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Am J Med Genet A. 2007 Dec 15;143A(24):3038-46.

Multifocal rapidly involuting congenital hemangioma: a link to chorangioma.

Author information

1
Department of Plastic Surgery, Vascular Anomalies Center, Children's Hospital, Harvard Medical School, Boston, Massachusetts, USA. john.mulliken@childrens.harvard.edu

Abstract

Common infantile hemangioma is intriguing because of its variable presentation, rapid postnatal growth and slow regression in childhood. Interest in this tumor has increased with the recognition that it can be associated with structural anomalies in the craniofacial and ventral-caudal regions. The phenotype has expanded by characterization of rare vascular tumors that arise in the fetus and manifest at birth as rapidly involuting congenital hemangioma (RICH) or non-involuting congenital hemangioma (NICH). We describe a boy born with three RICH on the abdominal wall; one extended into the base of the umbilical cord. Two weeks later a small, infantile hemangioma arose on his neck. This patient stimulated a review of what is known about placental vascular tumors and their possible relationship to fetal and infantile hemangiomas. We suggest that chorangioma and umbilical cord hemangioma are clinically and histopathologically similar to cutaneous and hepatic RICH. These placental vascular tumors can also occur in conjunction with solitary and multiple infantile hemangiomas.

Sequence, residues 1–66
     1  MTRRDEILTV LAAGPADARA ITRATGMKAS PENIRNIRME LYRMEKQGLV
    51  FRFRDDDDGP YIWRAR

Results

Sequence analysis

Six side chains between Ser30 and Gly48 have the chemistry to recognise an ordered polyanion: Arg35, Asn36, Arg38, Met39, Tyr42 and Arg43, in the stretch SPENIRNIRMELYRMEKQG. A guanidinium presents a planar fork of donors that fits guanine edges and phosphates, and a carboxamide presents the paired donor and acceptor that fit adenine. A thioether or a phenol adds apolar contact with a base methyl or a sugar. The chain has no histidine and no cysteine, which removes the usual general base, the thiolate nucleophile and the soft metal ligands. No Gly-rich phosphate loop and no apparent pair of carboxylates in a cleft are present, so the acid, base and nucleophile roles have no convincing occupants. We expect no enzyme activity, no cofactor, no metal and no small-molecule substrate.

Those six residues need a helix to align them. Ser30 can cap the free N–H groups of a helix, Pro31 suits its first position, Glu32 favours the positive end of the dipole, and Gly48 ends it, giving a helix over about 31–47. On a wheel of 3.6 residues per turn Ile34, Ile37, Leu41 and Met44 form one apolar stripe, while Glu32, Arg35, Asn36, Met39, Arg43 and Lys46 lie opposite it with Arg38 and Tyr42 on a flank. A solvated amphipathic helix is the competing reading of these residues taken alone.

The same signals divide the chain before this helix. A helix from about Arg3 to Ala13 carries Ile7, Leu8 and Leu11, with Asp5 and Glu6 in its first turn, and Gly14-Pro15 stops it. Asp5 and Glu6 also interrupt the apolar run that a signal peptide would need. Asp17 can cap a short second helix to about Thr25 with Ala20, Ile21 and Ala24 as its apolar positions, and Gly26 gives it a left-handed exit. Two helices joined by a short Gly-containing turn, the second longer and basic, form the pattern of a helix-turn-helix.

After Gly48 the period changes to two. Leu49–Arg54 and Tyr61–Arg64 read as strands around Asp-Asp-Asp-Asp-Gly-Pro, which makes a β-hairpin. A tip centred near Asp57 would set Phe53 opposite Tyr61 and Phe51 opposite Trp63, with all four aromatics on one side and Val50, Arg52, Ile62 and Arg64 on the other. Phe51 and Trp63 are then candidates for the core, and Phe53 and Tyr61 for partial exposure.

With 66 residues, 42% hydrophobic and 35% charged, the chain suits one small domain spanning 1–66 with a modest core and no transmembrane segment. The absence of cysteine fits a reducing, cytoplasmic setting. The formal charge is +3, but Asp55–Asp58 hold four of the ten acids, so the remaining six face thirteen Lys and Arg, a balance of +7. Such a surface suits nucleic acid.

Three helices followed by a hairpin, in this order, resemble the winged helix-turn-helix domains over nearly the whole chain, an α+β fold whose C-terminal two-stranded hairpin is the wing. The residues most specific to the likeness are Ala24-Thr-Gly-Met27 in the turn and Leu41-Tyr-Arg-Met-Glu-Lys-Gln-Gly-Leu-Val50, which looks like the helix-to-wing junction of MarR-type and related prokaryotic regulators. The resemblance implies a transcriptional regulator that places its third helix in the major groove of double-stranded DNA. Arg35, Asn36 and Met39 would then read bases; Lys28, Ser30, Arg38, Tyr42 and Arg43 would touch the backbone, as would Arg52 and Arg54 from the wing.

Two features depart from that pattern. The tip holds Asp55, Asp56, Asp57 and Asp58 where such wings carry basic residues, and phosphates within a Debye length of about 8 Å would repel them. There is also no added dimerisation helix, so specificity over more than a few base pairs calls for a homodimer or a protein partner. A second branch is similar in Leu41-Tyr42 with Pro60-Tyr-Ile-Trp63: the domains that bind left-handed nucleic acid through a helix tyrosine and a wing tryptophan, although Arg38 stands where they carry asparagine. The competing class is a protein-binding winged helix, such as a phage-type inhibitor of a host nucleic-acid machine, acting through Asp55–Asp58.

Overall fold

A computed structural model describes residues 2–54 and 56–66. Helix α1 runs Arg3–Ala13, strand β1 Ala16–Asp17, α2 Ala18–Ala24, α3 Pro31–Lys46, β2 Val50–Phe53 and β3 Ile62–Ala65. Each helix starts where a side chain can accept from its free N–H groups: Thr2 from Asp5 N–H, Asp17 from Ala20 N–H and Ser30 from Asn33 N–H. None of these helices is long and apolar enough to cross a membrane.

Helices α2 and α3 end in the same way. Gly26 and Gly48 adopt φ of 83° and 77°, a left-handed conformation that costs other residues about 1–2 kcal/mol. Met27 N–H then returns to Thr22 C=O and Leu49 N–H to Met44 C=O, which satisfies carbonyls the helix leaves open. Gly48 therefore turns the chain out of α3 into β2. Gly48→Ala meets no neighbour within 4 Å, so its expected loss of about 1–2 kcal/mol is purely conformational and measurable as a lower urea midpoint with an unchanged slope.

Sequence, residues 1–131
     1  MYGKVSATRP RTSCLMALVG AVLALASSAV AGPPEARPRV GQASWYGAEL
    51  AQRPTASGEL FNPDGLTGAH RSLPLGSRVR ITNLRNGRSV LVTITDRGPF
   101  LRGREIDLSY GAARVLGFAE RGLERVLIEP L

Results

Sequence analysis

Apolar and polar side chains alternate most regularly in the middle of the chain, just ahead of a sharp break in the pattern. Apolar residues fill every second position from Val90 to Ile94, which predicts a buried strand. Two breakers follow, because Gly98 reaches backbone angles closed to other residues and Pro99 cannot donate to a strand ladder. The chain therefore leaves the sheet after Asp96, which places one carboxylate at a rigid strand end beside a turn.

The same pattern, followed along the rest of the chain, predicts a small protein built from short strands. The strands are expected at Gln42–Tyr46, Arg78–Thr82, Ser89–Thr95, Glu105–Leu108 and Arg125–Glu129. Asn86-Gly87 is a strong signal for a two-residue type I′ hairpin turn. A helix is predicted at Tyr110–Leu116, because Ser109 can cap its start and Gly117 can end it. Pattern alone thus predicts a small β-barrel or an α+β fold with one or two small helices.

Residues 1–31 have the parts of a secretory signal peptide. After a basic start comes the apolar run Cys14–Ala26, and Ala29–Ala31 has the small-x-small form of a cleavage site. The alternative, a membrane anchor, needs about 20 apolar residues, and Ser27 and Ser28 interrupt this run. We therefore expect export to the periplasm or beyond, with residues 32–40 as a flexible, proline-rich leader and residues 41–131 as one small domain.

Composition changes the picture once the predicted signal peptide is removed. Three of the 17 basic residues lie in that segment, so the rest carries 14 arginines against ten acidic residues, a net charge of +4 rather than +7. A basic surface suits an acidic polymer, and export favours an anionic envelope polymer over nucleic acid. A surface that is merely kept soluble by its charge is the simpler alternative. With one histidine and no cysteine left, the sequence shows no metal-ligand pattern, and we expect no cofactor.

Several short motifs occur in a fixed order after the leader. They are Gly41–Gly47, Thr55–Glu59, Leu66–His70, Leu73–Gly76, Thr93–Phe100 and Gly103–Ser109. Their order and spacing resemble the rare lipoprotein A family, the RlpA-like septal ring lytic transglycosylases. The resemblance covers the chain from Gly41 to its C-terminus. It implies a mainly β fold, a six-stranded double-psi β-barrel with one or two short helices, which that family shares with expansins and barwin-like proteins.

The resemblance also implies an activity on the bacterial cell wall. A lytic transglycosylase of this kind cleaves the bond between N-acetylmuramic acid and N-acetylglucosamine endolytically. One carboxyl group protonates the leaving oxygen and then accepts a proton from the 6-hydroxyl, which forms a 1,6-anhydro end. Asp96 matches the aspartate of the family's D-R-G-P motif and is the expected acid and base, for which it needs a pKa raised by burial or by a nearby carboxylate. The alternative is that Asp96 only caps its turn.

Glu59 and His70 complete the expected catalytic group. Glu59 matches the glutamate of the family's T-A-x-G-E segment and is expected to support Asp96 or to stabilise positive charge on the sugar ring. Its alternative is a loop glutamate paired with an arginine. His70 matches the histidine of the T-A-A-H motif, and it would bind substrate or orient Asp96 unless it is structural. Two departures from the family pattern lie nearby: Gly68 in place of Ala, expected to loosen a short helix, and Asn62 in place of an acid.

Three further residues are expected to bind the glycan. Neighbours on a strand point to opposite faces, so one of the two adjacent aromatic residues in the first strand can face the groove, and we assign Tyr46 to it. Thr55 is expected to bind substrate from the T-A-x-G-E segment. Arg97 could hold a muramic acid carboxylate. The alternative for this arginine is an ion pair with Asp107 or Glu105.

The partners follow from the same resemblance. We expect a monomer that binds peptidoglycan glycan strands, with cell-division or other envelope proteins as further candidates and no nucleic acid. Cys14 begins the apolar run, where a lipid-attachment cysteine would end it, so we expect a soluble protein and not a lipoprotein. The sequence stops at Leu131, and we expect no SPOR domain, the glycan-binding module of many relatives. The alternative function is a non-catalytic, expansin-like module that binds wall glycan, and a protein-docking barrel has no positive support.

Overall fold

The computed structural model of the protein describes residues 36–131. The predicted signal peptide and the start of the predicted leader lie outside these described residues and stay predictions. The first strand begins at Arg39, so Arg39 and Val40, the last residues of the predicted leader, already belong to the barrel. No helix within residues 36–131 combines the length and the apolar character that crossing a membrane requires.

PMID:
17937433
DOI:
10.1002/ajmg.a.31964
[Indexed for MEDLINE]

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